Automatic Direction Finder - ADF (Instrument)[PDF]
- 1 Introduction
- 2 On-board equipment: ADF
- 2.1 Frequency selector
- 2.2 Indicator instruments
- 2.3 Relative position between aircraft and NDB
- 3 Wind effect
- 4 See also
- 5 Reference
- 6 Author
These beacons are mostly located near airports since they provide the simplest navigation information to reach an airport. A NDB is characterized by its range:
- Long range (100 NM): it is used as a reference point for en route navigation but also as a holding fix or an initial approach fix (IAF) near airports.
- Small range (25 NM): it is essentially used as a holding or initial approach fix near airports. In some countries, when NDBs are used as IAF, they are often called locators.
The signals from a NDB are received by an instrument in the airplane called ADF (Automatic Direction Finder).
On-board equipment: ADF
The Automatic Direction Finder – ADF - when tuned to a selected NDB frequency, is the on-board equipment that determines the relative bearing (RB) from the aircraft to the ground beacon or station.
Typical ADF equipment includes:
- 2 antennas:
- Sense aerial: is the non-directional antenna that receives signals from all directions.
- Loop aerial: is the rotating antenna that best receives signals from only two directions.
- Receiver: the control unit, usually found next to radio panels.
- Indicator instrument: the instrument where the information is presented to pilots. It does not normally have any form of failure warning system such as a flag, so great care must be taken.
The NDB transmits signals in all directions that reach airborne ADF’s loop and sense antennas. When both inputs are processed together, the equipment is able to display the relative bearing on the indicator instrument.
ADF equipment has its own controls:
- Frequency selector: used to select the NDB frequency. It can be digital or analogue, depending on the equipment. Frequencies are tuned by rotating a knob until the wanted frequency is obtained.
- BFO (Best Frequency Oscillator): it must be turned on when identifying a non A1A beacon, so that the aural identification can be heard.
- Antenna mode:
- ANT: only sense aerial will work.
- NDB/ADF: both sense and loop aerials will work. This mode is the most advisable.
- LOOP: only loop aerial will work. It usually is linked to another switch called ‘Loop L/R’ which with the aerial can be rotated left or right.
Depending on the equipment, there could also be two displays showing the ACTIVE and STANDBY (‘SBY’) frequencies. In this type of control units, the frequency is first selected on the STANDBY frequency display and then transferred to the ACTIVE frequency using the transfer switch (XFR) located normally between the displays.
Relative bearing from NDBs can be shown in two different instruments:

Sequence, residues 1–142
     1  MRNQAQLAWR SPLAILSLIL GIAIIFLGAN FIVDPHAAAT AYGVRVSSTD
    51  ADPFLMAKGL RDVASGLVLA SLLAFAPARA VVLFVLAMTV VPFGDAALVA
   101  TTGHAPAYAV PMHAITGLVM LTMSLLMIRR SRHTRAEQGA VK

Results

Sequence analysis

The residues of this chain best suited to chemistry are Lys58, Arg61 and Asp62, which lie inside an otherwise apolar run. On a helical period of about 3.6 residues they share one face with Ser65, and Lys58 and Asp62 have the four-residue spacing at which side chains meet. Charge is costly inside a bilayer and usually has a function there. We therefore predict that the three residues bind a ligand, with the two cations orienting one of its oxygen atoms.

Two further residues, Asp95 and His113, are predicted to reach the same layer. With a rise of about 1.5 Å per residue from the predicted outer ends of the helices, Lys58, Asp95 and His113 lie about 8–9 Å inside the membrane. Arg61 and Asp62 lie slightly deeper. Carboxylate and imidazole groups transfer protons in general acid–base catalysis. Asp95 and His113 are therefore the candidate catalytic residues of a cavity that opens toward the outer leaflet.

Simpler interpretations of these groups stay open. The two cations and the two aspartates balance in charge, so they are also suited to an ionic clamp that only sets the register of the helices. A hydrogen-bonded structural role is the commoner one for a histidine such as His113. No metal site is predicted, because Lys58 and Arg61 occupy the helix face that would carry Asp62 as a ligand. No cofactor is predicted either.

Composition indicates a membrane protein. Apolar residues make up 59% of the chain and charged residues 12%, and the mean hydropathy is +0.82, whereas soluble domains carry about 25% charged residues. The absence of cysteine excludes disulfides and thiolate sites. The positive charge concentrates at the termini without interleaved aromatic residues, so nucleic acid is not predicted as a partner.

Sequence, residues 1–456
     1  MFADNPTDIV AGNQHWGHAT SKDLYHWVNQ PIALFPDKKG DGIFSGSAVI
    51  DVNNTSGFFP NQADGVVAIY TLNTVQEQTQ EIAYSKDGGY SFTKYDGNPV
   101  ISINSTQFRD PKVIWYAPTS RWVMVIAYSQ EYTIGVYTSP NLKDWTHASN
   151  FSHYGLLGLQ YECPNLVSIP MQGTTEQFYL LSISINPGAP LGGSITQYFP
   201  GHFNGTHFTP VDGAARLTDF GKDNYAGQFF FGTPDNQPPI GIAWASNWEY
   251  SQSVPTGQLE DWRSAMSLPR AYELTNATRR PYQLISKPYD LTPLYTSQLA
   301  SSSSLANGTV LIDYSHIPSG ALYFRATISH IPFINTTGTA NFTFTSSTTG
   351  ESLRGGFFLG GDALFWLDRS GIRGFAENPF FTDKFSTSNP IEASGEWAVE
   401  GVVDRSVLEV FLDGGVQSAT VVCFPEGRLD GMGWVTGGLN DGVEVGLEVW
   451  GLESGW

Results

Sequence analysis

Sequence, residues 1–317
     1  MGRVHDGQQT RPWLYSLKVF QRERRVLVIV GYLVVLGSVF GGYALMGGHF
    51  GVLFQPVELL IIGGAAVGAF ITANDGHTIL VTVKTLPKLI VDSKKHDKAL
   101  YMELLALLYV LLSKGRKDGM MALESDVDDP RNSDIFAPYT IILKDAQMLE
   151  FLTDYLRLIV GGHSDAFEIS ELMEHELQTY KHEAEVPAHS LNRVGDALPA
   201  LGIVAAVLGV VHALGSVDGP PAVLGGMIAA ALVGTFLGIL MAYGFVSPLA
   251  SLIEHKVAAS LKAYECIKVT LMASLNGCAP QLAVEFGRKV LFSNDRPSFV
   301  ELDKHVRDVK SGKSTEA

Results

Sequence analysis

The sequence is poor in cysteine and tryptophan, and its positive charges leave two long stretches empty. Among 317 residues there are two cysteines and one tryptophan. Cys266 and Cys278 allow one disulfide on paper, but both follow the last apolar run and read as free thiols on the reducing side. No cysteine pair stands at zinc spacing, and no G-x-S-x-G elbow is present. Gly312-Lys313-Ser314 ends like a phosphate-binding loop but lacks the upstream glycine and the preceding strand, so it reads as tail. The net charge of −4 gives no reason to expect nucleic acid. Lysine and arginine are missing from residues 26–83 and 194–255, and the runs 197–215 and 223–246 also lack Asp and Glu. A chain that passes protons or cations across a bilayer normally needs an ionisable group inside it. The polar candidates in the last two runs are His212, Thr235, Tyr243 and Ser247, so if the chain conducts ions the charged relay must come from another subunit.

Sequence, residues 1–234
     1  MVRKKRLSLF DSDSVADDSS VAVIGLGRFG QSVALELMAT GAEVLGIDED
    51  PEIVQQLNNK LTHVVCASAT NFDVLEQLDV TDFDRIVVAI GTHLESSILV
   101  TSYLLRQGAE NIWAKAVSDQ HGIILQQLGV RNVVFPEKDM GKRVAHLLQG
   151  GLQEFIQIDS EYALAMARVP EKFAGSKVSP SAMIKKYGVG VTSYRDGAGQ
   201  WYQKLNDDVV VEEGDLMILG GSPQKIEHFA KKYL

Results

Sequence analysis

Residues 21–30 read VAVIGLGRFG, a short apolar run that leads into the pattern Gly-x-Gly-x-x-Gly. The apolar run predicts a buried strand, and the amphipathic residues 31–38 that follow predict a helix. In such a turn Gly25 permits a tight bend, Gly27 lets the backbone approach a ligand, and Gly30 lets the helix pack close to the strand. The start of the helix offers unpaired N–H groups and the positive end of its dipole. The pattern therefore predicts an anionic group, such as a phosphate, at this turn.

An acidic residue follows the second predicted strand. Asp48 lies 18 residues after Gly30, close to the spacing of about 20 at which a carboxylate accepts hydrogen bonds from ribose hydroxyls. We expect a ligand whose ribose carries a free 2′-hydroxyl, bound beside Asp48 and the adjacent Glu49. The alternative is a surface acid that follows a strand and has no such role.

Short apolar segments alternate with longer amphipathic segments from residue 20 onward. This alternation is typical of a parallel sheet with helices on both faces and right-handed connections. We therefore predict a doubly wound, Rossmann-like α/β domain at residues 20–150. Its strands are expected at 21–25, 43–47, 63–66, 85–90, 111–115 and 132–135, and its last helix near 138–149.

- Radio Bearing Indicator (RBI)
- Radio Magnetic Indicator (RMI)
Radio bearing indicator with fixed card
The moving needle indicates the Relative Bearing (RB) to the station, relative to the longitudinal axis of the aircraft (fore and aft axis). That Relative Bearing (RB) is read clockwise from 0o until the value the needle is pointing at.
This is the simplest instrument and so its usage is not easy since the Magnetic Bearing (MB) is not shown at first glance. Relating to the current heading, the pilot will need to check the relative bearing and calculate the Magnetic Bearing (MB) each time.
Radio bearing indicator with movable card
So the aircraft’s current heading can be set on the top. This allows the instrument to show directly the Magnetic Bearing (MB), which eases the pilot’s work.
In the figure, the movable card was put at a heading 345°. As a consequence the NDB magnetic heading is 060°.
Radio magnetic indicator (automatic)
The RMI has one or two needles which can be used to indicate navigation information from either the ADF or the VOR receivers. Both needles are different in appearance, one of them operating with NAV 1 or ADF 1 radio and the other one operating with NAV 2 or ADF 2 radio.
There are two switches that allow the pilot to change each needle source from VOR to ADF or from ADF to VOR.
Electronic horizontal situation indicator EHSI
Relative position between aircraft and NDB
The head of the needle indicates bearing TO the station and the tail of the needle indicates bearing FROM the station. The needle is not in function of aircraft heading.
The needle on the ADF is pointing north. Then the NDB is in front of the aircraft.
The needle on the ADF is pointing south. Then the NDB is behind the aircraft.
The needle on the ADF is pointing 90°. Then the NDB is on the right of the aircraft.
The needle on the ADF is pointing 45°. Then the NDB is on the right of the aircraft.
When following a NDB navigation aid with presence of cross wind, if you maintain only the ADF at the top position of the instrument, your heading will increase or decrease like the image below.
In this case, you do not make a direct and follow the same NDB track.
- VID 150259 - Creation
- VID 450012 - Update
DATE OF SUBMISSION
- 02:15, 14 May 2021
- This documentation is copyrighted as part of the intellectual property of the International Virtual Aviation Organisation.
- The content of this documentation is intended for aviation simulation only and must not be used for real aviation operations.